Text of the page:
Insofar as Count 3 also alleges that Watson failed to act in response to complaints of constitutional violations by staff, this claim will be construed as a policy, practice or custom claim, even though it reads somewhat more like a personal involvement claim. Again, the reference to the Jail Rule Book, provides the slim reed supporting this claim.

Count 4

Count 4 alleges that Plaintiff was confined in a cold cell for four and a half days with no mattress or blanket. When Plaintiff complained to Correctional Officer Sabo, Sabo did nothing but threaten Plaintiff about complaining.

Jail officials violate the Eighth Amendment (and Fourteenth Amendment) if they are deliberately indifferent to adverse conditions that deny "the minimal civilized measure of life's necessities." Farmer v. Brennan, 511 U.S. 825, 834-35 (1994). Prisoners cannot expect the "amenities, conveniences, and services of a good hotel." Harris v. Fleming, 839 F.2d 1232, 1235 (7th Cir.1988). However, "[s]ome conditions of confinement may establish an Eighth Amendment violation in combination' when each would not do so alone, but only when they have a mutually enforcing effect that produces the deprivation of a single, identifiable human need such as food, warmth, or exercise"for example, a low cell temperature at night combined with a failure to issue blankets." Wilson v. Seiter, 501 U.S. 294, 304 (1991).

The complaint adequately states a claim that Correctional Officer Sabo was deliberately indifferent to the conditions of Plaintiff's confinement, which at this stage appear to fall below the constitutional minimum. Count 4 against Correctional Officer Sabo shall proceed.

Disposition

IT IS HEREBY ORDERED that, for the reasons stated, any and all Federal Tort Claim Act claims must be DISMISSED with prejudice and this action shall proceed under 42 U.S.C. § 1983; accordingly, all claims of "negligence" are DISMISSED with prejudice.

IT IS FURTHER ORDERED that COUNT 2, PHIL MCLAURIN and THOMAS TRICE are DISMISSED with prejudice.

IT IS FURTHER ORDERED that COUNTS 1, 3 and 4 against Defendants RICK WATSON and CORRECTIONAL OFFICER SABO shall PROCEED.

The Clerk of Court shall prepare for Defendants RICK WATSON and CORRECTIONAL OFFICER SABO: (1) Form 5 (Notice of a Lawsuit and Request to Waive Service of a Summons), and (2) Form 6 (Waiver of Service of Summons). The Clerk is DIRECTED to mail these forms, a copy of the complaint, and this Memorandum and Order to each Defendant's place of employment as identified by Plaintiff. If a Defendant fails to sign and return the Waiver of Service of Summons (Form 6) to the Clerk within 30 days from the date the forms were sent, the Clerk shall take appropriate steps to effect formal service on that Defendant, and the Court will require that Defendant to pay the full costs of formal service, to the extent authorized by the Federal Rules of Civil Procedure.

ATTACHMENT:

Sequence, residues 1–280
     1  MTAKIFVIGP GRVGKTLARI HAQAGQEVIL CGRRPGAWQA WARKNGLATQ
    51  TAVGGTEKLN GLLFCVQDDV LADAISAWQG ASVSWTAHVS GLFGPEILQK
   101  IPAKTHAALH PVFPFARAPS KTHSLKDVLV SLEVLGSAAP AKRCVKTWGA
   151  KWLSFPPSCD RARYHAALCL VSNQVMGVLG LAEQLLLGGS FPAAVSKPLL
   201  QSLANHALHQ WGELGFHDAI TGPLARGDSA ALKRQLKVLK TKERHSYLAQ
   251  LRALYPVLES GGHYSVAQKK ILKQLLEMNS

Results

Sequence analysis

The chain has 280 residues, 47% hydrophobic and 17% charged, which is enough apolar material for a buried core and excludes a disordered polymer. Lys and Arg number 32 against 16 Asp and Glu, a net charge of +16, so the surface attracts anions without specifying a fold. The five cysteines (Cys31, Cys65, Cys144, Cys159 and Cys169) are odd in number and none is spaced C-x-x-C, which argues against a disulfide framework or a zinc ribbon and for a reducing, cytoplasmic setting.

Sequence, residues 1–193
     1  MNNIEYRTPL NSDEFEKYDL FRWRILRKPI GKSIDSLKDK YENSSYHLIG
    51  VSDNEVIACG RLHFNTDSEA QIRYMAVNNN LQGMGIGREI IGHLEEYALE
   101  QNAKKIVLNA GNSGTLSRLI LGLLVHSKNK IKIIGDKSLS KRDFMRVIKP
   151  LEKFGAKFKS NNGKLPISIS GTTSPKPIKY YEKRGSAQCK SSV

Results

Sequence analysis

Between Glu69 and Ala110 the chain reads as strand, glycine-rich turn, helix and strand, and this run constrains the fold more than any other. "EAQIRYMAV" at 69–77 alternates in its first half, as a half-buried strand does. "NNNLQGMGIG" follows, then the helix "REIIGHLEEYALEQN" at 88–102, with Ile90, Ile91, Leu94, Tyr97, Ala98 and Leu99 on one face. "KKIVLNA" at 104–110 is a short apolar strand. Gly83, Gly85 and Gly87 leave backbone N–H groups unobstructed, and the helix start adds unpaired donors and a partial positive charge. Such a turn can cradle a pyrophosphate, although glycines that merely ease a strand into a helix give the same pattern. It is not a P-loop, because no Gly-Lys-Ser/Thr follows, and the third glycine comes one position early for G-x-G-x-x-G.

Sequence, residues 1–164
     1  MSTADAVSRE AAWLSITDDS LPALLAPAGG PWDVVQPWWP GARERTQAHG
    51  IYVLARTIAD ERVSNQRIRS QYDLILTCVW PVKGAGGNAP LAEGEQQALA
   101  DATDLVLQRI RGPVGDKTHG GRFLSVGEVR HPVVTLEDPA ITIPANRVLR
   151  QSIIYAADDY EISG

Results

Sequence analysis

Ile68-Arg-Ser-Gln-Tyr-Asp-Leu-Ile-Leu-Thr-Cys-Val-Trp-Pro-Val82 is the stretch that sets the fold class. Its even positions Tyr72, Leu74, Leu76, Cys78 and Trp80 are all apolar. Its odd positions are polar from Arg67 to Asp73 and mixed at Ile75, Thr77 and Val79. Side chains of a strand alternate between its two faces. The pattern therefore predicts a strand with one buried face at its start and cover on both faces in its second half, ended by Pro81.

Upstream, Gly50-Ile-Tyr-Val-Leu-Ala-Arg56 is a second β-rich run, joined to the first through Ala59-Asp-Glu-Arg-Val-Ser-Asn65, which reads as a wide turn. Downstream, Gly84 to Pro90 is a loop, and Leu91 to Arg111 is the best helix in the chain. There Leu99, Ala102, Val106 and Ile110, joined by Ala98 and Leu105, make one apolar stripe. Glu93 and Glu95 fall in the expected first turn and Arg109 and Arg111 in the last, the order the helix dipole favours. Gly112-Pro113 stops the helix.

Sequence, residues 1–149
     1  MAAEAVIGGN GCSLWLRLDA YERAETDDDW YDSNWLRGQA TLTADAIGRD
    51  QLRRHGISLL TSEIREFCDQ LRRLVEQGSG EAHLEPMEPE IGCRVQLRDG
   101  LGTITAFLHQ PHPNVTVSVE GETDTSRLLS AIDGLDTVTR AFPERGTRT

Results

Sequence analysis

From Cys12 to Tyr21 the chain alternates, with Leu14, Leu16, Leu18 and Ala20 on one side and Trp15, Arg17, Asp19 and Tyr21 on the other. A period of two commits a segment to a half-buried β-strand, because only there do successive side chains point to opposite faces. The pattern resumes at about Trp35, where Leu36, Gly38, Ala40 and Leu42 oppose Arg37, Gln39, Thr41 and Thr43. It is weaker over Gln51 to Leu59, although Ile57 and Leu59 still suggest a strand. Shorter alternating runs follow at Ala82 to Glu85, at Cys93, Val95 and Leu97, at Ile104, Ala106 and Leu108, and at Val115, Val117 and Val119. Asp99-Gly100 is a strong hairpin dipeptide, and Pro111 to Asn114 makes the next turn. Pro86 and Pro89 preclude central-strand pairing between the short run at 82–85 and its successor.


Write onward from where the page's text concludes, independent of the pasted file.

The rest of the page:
With respect to a Defendant who no longer can be found at the work address provided by Plaintiff, the employer shall furnish the Clerk with the Defendant's current work address, or, if not known, the Defendant's last-known address. This information shall be used only for sending the forms as directed above or for formally effecting service. Any documentation of the address shall be retained only by the Clerk. Address information shall not be maintained in the court file or disclosed by the Clerk.

Plaintiff shall serve upon Defendants (or upon defense counsel once an appearance is entered), a copy of every pleading or other document submitted for consideration by the Court. Plaintiff shall include with the original paper to be filed a certificate stating the date on which a true and correct copy of the document was served on Defendants or counsel. Any paper received by a district judge or magistrate judge that has not been filed with the Clerk or that fails to include a certificate of service will be disregarded by the Court.

Defendants are ORDERED to timely file an appropriate responsive pleading to the complaint and shall not waive filing a reply pursuant to 42 U.S.C. § 1997e(g).

Pursuant to Local Rule 72.1(a)(2), this action is REFERRED to a United States Magistrate Judge for further pre-trial proceedings.

Further, this entire matter shall be REFERRED to a United States Magistrate Judge for disposition, pursuant to Local Rule 72.2(b)(2) and 28 U.S.C. § 636(c), if all parties consent to such a referral.

If judgment is rendered against Plaintiff, and the judgment includes the payment of costs under § 1915, Plaintiff will be required to pay the full amount of the costs, notwithstanding that his application to proceed in forma pauperis has been granted. See 28 U.S.C. § 1915(f)(2)(A).

Plaintiff is ADVISED that at the time application was made under 28 U.S.C. § 1915 for leave to commence this civil action without being required to prepay fees and costs or give security for the same, the applicant and his or her attorney were deemed to have entered into a stipulation that the recovery, if any, secured in the action shall be paid to the Clerk of the Court, who shall pay therefrom all unpaid costs taxed against plaintiff and remit the balance to plaintiff. Local Rule 3.1(c)(1).

Finally, Plaintiff is ADVISED that he is under a continuing obligation to keep the Clerk of Court and each opposing party informed of any change in his address; the Court will not independently investigate his whereabouts. This shall be done in writing and not later than 7 days after a transfer or other change in address occurs. Failure to comply with this order will cause a delay in the transmission of court documents and may result in dismissal of this action for want of prosecution. See FED. R. CIV. P. 41(b).

IT IS SO ORDERED.